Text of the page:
More than 100 million people worldwide have either schizophrenia or bipolar disorder, which are characterized by periods of hallucinations, delusions and irregular thought processes. They also are both associated with overproduction of the neurotransmitter dopamine, a key regulator of reward-seeking behavior, emotional responses, learning and movement, among other functions.
Although it is known that dopamine plays an important role in these disorders, it has been unclear exactly how and why dopamine dysregulation occurrs and how it fuels symptoms. But now, in a study published today in Nature Communications, scientists have described a new mechanism that spikes dopamine production while simultaneously scrambling brain synapse organization.
We caught up with senior author and Van Andel Research Institute Assistant Professor Dr. Viviane Labrie to discuss the findings and how they may inform screening and treatment in the future.
Q: Give us the big picture. What did you find? Why is it important?
VL: We identified a new mechanism for dopamine signaling that could explain why some people develop psychotic symptoms in schizophrenia and bipolar disorder. Specifically, we identified an epigenetic hotspot on the genome that potentially could be targeted with new medications.
Q: What is dopamine? Why is it important?
VL: Dopamine is a neurochemical that for a long time has been known to cause psychosis, but the exact events that cause the abnormal dopamine signaling were unknown. We found that, in brain cells of patients with psychosis, there is an excessive activation of an area that controls the key enzyme for the production of dopamine, tyrosine hydroxylase.
The dopamine hypothesis of schizophrenia has been around since the 1970s. All of the early anti-psychotic medications targeted the dopamine receptors, and people experiencing psychotic symptoms are known to have way too much dopamine in the striatum, the area of the brain that houses our motor and reward centers. We knew that psychotic symptoms are very strongly associated with too much dopamine but we didn’t know exactly why. We now have a biological explanation as to why that might be.
Q: Let’s dig into the details. What are the specifics?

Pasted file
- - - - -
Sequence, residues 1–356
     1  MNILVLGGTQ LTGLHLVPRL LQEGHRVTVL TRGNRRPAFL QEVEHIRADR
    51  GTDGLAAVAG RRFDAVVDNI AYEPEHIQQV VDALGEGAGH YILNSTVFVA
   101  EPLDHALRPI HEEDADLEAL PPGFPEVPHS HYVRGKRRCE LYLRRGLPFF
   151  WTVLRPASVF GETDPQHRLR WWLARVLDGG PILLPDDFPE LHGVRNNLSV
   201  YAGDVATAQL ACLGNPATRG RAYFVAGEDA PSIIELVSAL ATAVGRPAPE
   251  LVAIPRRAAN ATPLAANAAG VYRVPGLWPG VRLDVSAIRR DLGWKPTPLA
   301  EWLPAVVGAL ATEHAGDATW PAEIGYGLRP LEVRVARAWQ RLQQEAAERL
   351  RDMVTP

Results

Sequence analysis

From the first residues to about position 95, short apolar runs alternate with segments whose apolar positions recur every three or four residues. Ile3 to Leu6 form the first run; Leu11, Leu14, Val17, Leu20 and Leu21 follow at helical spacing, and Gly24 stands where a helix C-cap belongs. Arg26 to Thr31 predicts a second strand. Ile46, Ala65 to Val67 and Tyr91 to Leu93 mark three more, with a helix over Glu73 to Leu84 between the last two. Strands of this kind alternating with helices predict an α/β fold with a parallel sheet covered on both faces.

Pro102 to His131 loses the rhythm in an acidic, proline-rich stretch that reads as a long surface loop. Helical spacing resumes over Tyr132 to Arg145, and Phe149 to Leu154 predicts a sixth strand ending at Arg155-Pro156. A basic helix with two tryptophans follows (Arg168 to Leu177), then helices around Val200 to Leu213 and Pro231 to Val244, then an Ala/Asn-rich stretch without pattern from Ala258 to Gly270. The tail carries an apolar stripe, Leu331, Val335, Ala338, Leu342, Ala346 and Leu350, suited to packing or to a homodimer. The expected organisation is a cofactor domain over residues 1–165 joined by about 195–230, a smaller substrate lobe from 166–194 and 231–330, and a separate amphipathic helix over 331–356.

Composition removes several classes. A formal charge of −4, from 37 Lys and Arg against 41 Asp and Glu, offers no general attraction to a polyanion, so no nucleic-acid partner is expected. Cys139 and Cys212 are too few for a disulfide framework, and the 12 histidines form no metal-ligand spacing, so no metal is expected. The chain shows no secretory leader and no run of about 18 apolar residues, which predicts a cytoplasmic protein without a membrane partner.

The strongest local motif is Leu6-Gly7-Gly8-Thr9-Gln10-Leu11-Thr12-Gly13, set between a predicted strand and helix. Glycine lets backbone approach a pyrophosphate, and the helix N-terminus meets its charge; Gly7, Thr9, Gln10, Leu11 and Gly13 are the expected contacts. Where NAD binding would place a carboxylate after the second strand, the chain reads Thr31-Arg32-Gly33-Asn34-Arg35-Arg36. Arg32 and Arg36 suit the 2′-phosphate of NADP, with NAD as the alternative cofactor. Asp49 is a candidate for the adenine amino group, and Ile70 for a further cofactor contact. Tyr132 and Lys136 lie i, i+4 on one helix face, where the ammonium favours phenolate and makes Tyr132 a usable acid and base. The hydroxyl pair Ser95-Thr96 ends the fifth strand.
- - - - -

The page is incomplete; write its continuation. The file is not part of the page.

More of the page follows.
VL: In the brain cells of patients with psychosis, we found that an area of the genome was epigenetically more active than normal. Epigenetics refers to marks on top of DNA that control whether genes are turned on or off.
This area is a gene modifier, or enhancer, that controls the dopamine production enzyme tyrosine hydroxylase, but also impacts another gene called IGF2. IGF2 is important for the maintenance of neuronal structure and cognitive functions. Our study suggest that activation of the region could simultaneously cause too much dopamine activity, while limiting the function of this gene that’s important for synaptic structure. This mechanism could explain why individuals that develop psychosis sustain a simultaneous loss in neuronal synaptic structure.
The significance is that this work provides evidence for a new mechanism for dopamine dysregulation in psychotic disorders. Dopamine dysregulation is hypothesized to underlie the waxing and waning of psychotic symptoms in diseases such as schizophrenia and bipolar disorder.
Q: How could this help people with these disorders?
VL: We can see it helping in a couple of ways. First, there are no effective screening methods for these disorders. We think this area could possibly be used as a biomarker to try to catch schizophrenia or bipolar disorder sooner and allow for earlier treatment, which can mitigate some of the damage done to the synapses.
Secondly, this enhancer could be a new target for therapy. Effective medications do exist but they often have challenging side effects such as apathy or dyskinesia, which is a type of uncontrollable movement. This new target provides a new avenue for developing therapies with fewer side effects.
Read the news release here.
May is Mental Health Awareness Month. Learn more at the National Institute of Mental Health’s website.